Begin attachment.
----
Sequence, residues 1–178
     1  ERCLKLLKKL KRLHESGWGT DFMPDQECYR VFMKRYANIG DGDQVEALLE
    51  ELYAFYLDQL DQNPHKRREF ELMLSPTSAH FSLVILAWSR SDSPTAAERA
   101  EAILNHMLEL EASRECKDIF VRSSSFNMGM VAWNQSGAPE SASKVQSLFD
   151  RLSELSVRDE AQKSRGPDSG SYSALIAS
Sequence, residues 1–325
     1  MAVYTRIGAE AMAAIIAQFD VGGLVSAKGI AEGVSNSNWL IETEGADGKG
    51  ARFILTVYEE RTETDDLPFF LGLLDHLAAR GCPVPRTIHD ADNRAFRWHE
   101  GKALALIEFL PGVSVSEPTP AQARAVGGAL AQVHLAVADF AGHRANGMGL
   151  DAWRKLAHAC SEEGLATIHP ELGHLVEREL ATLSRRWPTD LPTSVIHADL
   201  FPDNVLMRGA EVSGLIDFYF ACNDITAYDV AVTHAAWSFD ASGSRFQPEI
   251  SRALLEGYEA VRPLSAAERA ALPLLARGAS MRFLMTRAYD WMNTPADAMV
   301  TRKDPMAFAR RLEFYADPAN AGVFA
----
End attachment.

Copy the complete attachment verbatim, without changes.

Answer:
Sequence, residues 1–178
     1  ERCLKLLKKL KRLHESGWGT DFMPDQECYR VFMKRYANIG DGDQVEALLE
    51  ELYAFYLDQL DQNPHKRREF ELMLSPTSAH FSLVILAWSR SDSPTAAERA
   101  EAILNHMLEL EASRECKDIF VRSSSFNMGM VAWNQSGAPE SASKVQSLFD
   151  RLSELSVRDE AQKSRGPDSG SYSALIAS
Sequence, residues 1–325
     1  MAVYTRIGAE AMAAIIAQFD VGGLVSAKGI AEGVSNSNWL IETEGADGKG
    51  ARFILTVYEE RTETDDLPFF LGLLDHLAAR GCPVPRTIHD ADNRAFRWHE
   101  GKALALIEFL PGVSVSEPTP AQARAVGGAL AQVHLAVADF AGHRANGMGL
   151  DAWRKLAHAC SEEGLATIHP ELGHLVEREL ATLSRRWPTD LPTSVIHADL
   201  FPDNVLMRGA EVSGLIDFYF ACNDITAYDV AVTHAAWSFD ASGSRFQPEI
   251  SRALLEGYEA VRPLSAAERA ALPLLARGAS MRFLMTRAYD WMNTPADAMV
   301  TRKDPMAFAR RLEFYADPAN AGVFA